Retreatment of cancer after radical radiotherapy.
      ). ReRT has a long history (
      • Jones B.
      • Blake P.R.
      Retreatment of cancer after radical radiotherapy.
      ,
      • Zuppinger A.
      Spätveränderungen nach protrahiert-fraktionierter Röntgenbestrahlung im Bereich der oberen Luft- und Speisewege.
      ,
      • Nieder C.
      • Langendijk J.A.
      • Guckenberger M.
      • et al.
      Preserving the legacy of reirradiation: a narrative review of historical publications.
      ), and it has gained increasing attention with advances in modern radiation techniques such as intensity-modulated radiation therapy (IMRT), stereotactic radiotherapy, and particle therapy (
      • Dörr W.
      • Gabryś D.
      The principles and practice of Re-irradiation in clinical oncology: an overview.
      ) because of higher tumor local control possibility than that with systemic therapy alone. Because brachytherapy (BT) was the initial radiotherapy (RT) equipment in RT history, we could find reports of ReRT using BT (ReRT-BT) with or without external-beam RT (EBRT) in the early 1930s (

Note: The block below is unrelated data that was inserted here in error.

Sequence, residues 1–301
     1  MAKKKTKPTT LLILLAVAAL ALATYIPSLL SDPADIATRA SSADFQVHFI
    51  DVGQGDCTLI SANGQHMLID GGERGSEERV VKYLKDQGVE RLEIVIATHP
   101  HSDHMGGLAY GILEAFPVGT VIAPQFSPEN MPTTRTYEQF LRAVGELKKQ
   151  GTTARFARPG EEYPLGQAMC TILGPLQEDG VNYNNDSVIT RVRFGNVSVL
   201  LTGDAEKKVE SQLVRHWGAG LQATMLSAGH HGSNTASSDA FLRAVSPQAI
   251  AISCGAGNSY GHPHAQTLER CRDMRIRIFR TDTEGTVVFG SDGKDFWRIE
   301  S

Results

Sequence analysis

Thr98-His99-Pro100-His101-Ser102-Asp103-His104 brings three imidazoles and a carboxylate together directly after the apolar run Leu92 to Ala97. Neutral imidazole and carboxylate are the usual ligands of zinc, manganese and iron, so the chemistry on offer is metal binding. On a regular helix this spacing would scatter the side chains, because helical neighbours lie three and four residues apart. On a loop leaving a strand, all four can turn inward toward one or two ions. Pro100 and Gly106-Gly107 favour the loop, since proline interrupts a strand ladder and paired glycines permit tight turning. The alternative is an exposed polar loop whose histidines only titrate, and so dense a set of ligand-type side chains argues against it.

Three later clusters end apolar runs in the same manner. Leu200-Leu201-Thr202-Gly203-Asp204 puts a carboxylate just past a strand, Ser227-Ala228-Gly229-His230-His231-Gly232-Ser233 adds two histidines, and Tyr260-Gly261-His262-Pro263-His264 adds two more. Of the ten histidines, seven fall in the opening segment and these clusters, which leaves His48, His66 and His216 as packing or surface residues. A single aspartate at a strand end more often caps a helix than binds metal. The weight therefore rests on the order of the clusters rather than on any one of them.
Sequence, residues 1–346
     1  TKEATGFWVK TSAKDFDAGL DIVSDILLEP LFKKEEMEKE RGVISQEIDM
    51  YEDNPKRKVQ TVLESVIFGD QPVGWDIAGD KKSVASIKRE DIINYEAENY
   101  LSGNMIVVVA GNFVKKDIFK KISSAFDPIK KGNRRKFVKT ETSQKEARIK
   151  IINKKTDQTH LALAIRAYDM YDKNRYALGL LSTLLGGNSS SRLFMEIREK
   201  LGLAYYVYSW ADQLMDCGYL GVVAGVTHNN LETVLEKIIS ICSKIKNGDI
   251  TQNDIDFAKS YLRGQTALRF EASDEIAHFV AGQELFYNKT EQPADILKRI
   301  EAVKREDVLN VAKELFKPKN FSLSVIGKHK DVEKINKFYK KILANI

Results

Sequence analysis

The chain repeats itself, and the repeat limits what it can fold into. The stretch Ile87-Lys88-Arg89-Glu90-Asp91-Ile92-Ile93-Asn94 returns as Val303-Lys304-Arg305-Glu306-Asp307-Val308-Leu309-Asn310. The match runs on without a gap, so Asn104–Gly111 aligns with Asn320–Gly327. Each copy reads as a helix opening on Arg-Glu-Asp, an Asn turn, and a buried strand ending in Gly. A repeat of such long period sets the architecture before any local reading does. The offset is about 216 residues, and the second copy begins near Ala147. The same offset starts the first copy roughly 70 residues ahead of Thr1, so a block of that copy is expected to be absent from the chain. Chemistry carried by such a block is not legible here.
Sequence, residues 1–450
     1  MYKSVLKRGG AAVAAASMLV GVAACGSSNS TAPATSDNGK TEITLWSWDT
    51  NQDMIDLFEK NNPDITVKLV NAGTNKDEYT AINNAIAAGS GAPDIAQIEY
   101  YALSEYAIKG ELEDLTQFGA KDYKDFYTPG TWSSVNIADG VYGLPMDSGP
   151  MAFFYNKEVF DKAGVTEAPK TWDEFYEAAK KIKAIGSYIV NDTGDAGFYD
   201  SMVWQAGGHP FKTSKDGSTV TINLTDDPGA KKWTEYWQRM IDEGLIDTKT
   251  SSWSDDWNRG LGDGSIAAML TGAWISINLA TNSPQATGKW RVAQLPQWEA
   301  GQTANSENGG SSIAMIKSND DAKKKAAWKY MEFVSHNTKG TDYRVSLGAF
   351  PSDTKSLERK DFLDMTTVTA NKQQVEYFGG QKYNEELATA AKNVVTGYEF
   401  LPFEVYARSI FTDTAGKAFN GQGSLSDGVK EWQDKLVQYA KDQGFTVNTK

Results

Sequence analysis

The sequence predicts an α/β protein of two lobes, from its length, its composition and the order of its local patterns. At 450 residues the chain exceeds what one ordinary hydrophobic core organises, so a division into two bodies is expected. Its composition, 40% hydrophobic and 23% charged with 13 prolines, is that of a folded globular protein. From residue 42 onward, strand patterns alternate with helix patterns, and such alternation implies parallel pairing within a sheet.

• Nieder C.
      • Langendijk J.A.
      • Guckenberger M.
      • et al.
      Preserving the legacy of reirradiation: a narrative review of historical publications.
      ). Scarce data made it difficult to build consensus about ReRT-BT; however, BT is the best conformal radiation treatment modality because it allows highest radiation dose escalation to the gross tumor volume, with a steep dose fall-off, thereby protecting the surrounding previously irradiated healthy organs. In addition, the recent image-guided BT technique has enabled us to treat tumors more precisely. To collect information about the actual ReRT-BT status in Japan, we performed a questionnaire survey among institutions with BT facility. The objective of this study was to conduct a survey on the current status of ReRT-BT and to determine its patterns of practice.

      Materials and methods